Being married means you have to do what’s best for the both of you. Having a child magnifies that 23849082 times more. I’m so lucky to have a partner that shares the same goals as me. Working towards our goals and giving up things doesn’t feel like a true sacrifice because we are still having fun along the way.

Can anyone relate or see a different point of view here?


  1. says

    I think 99% of your friends not having kids is so key to how you are feeling. I was the first out of my friends to have kids at 28 and at times it was a lonely road. I never regretted getting an earlier start to a family (I now have friends saying they wish they had started sooner because they want more kids – but feel like they are too old), but yes there are things you miss out on. I felt like I was always the one giving the “mom” excuse and I was always (and still am) very aware of being “that parent.” The one who does nothing except talk about their child/children. It was exhausting!

    Now that the majority of my friends now have kids (and most more than one) it’s a completely different story. They get it. There are less vacations and less nights out together… BUT, we get together with the kids in tow and that’s equally as fun. For my friends that don’t have (and don’t want) kids, I find other ways to fit them into my life. And turns out, they don’t mind hanging out with my kids either (as long as it’s not ALL the time). So, long story short — hang in there! And yes, it IS worth it.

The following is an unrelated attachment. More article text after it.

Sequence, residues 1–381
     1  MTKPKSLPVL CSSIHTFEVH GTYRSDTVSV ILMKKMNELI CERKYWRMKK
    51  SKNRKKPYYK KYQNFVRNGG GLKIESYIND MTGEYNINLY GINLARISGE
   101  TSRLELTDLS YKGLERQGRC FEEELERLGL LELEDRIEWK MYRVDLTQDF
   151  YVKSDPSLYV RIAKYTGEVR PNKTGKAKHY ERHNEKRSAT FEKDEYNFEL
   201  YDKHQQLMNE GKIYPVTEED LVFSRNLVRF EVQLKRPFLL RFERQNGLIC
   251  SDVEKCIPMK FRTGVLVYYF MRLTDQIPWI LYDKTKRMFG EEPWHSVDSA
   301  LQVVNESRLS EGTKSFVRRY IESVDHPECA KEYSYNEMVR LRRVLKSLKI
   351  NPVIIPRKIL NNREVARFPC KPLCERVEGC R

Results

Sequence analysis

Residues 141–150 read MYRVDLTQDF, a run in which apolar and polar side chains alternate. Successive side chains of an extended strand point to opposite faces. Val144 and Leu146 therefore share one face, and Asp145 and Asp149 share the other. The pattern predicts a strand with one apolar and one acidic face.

• says

      I totally agree with Michelle, here! My girlfriends from college don’t have kids, for the most part. in fact, they are single with good jobs, making it easier to show up to things in the latest styles and looking amazing with their personal trainers 😉

      However, friends I’ve made locally that have kids are much more in sync. We know a ladies movie night is a rare and exciting treat!

      I applaud you for your mature decisions that will benefit your family’s future ultimately. It isn’t always the easiest decision to say no to things, but you’re taking great steps for your family!

  2. says

    I completely relate! Before moving out west 100% of my friends and 90% of Neil’s didn’t have kids and 90% of my friends aren’t even married. When we moved out here we made friends with other families so we are a little bit more on the same page but before that it was even more of a challenge.